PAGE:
‘dinnyhayser’: meanings (and origin?)



The Australian and New-Zealand noun dinnyhayser (also dinnyhayeser, etc.) denotes a knockout blow; anything of exceptional size or force.

This noun occurs, for example, in the account of a rugby match between Queensland and New South Wales, published in Truth (Brisbane, Queensland) of Sunday 27th June 1954:

A dinny-hazer left-foot field goal from 50 yards by Churchill and it was 22-10.




The noun dinnyhayser allegedly alludes to a boxer called Dinny Hayes. For example, the following explanations are from The Australian Language (Sydney and London: Angus and Robertson Ltd., 1945), by Sidney John Baker (1912-1976):

dinnyhayser. A heavy blow, a haymaker; anything extreme in action or notably good. Commemorating the pugilist Dinny Hayes.

However, two facts cast doubt on the claim that the noun dinnyhayser alludes to a boxer called Dinny Hayes.

First fact: In early use, the noun dinnyhayser denoted a quick movement (cf., below, quotations 1 & 2). I have also found an occurrence of dinnyhayse used a verb meaning to rush (cf., below, quotation 7).

Second fact: I have found no mention of a boxer called Dinny Hayes. I have, however, found a few mentions of one or, more probably, several boxers called Denny Hayes.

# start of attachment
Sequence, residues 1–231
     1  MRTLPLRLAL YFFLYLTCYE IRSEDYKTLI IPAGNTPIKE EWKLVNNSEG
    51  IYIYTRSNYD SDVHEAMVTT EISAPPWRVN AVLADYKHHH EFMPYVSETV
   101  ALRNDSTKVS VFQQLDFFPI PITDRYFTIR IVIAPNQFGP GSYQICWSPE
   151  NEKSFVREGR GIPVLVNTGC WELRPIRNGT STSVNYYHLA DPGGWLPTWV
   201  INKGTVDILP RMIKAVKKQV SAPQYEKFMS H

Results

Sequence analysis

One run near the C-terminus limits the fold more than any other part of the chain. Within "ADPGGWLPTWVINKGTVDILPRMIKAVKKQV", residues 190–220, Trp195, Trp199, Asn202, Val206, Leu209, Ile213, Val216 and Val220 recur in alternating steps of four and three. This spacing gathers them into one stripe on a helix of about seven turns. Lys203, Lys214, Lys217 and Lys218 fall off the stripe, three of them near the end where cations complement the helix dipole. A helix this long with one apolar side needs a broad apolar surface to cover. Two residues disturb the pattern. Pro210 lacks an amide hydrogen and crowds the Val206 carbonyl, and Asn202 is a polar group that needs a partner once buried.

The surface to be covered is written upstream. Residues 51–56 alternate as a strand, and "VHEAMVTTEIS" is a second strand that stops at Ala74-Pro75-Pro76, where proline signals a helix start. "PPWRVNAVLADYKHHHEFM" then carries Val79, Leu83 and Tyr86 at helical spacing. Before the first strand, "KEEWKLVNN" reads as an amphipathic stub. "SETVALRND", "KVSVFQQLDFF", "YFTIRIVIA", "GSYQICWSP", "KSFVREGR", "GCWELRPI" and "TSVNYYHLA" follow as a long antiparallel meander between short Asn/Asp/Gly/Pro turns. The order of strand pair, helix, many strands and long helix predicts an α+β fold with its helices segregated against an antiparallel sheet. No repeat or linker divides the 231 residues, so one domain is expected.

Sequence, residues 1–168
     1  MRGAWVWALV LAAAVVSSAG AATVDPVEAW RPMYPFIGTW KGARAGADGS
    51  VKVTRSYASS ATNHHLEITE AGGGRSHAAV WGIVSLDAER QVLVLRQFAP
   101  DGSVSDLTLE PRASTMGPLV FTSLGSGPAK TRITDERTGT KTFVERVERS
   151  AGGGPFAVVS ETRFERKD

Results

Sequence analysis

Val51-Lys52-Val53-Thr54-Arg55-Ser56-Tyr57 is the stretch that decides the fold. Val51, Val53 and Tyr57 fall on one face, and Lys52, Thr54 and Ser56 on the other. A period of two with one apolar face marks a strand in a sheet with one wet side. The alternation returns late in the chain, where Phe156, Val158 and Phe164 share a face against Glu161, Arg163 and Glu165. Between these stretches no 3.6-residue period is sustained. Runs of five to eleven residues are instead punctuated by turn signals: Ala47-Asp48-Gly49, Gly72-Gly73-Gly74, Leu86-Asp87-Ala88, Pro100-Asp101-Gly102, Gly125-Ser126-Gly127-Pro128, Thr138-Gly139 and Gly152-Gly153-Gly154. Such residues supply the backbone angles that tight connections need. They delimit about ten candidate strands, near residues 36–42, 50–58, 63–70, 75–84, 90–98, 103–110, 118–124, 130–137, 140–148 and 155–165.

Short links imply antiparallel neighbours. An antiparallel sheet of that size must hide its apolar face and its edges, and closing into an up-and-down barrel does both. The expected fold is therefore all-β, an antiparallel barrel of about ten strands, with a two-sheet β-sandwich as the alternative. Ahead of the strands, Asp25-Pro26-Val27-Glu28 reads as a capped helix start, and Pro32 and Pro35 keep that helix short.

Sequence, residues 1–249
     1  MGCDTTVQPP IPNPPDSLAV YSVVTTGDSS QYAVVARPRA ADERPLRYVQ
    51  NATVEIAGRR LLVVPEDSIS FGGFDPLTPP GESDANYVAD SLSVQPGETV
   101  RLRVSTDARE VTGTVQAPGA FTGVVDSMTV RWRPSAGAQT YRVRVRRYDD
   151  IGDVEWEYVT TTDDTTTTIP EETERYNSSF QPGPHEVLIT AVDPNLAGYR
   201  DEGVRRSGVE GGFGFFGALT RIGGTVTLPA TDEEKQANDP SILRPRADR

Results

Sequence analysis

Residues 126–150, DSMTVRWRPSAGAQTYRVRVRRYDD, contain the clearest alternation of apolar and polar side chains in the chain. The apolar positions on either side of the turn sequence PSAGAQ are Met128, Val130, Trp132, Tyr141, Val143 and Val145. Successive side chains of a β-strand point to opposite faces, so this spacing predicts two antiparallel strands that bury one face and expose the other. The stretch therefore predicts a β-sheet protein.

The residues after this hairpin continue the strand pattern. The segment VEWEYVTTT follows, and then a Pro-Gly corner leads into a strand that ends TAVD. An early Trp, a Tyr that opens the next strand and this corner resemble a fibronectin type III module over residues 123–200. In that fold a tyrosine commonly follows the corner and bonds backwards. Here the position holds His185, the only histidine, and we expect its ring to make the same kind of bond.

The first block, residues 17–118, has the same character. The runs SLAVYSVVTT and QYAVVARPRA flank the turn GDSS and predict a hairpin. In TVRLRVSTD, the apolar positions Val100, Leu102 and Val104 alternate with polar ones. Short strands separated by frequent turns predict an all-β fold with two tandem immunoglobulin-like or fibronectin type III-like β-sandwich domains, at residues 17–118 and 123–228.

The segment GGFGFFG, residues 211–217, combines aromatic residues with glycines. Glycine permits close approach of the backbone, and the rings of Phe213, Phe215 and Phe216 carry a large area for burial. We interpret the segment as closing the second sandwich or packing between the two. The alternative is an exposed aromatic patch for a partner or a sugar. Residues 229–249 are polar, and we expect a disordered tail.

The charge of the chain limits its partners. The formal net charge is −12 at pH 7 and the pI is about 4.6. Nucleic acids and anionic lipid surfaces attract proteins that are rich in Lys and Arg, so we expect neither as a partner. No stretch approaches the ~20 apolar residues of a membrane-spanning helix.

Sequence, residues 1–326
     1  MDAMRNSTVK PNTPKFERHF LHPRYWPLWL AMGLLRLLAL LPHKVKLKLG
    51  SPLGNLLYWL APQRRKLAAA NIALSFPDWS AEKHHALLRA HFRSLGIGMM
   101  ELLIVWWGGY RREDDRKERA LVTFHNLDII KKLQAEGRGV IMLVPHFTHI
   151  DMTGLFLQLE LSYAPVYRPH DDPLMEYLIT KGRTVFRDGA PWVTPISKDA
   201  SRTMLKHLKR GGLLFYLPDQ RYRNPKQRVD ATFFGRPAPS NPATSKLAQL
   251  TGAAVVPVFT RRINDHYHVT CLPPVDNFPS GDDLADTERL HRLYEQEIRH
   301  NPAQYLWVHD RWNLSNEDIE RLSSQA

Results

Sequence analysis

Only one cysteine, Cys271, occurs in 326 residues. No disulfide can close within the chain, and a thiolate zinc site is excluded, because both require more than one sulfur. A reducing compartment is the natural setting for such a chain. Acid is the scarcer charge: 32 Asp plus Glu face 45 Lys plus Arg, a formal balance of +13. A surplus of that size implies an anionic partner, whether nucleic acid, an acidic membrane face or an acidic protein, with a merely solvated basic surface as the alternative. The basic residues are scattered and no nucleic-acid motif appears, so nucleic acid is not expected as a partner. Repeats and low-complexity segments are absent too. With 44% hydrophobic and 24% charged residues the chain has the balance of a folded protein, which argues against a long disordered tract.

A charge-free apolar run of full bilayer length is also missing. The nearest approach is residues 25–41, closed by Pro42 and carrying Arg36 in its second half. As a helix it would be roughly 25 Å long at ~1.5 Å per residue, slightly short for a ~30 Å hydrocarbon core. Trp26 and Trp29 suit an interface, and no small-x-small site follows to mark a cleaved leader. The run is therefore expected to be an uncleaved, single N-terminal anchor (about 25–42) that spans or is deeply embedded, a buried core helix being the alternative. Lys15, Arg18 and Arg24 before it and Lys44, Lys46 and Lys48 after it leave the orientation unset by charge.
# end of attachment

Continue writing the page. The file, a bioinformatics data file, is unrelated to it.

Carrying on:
In Ring Record and Fistic Facts, published in Boston, Massachusetts, in 1895, Nelson J. Innes, Sporting Editor of the Boston Herald (Boston, Massachusetts), mentioned a fight between the British boxer Charles Watson Mitchell (1861-1918) and a boxer called Denny Hayes, which took place at Leadville, Colorado, in July 1883. (This fight was also mentioned in 1911 Championship Records: A Complete, Concise and Authentic Pocket Sporting Compendium, compiled by Thomas S. Andrews, Sporting Editor of the Evening Wisconsin (Milwaukee, Wisconsin), and Henry O. Messier, of Milwaukee, National Representative, published for Mike Bradley, Lawrence, Massachusetts.)

Boxing’s Official Record Keeper indicates that this July 1883 fight opposed Charles Watson Mitchell and the U.S. boxer Denis Ike Hayes, whose career spanned the years 1883 to 1914.

Finally, the Independent Record (Helena, Montana) of Saturday 26th February 2022 published a detailed biography of Denis Isaak ‘Ike’ Hayes (1863-1930), who “fought his first professional bout at 20 years of age, in Leadville”.

In any case, the New-Zealand and Australian noun dinnyhayser is unlikely to allude to the U.S. boxer Denis Isaak ‘Ike’ Hayes, since this noun is first recorded in 1878 (cf., below, quotation 1), and Denis Isaak ‘Ike’ Hayes first fought professionally in 1883.

More intriguing is the mention of a boxer called Denny Hayes in the Sydney Sportsman (Sydney, New South Wales) of 12th April 1905, together with an occurrence of the noun dinnyhayser (cf., below, quotation 6). But the earliest occurrence of this noun dates back to 6th July 1878 (cf., below, quotation 1), almost twenty-seven years earlier.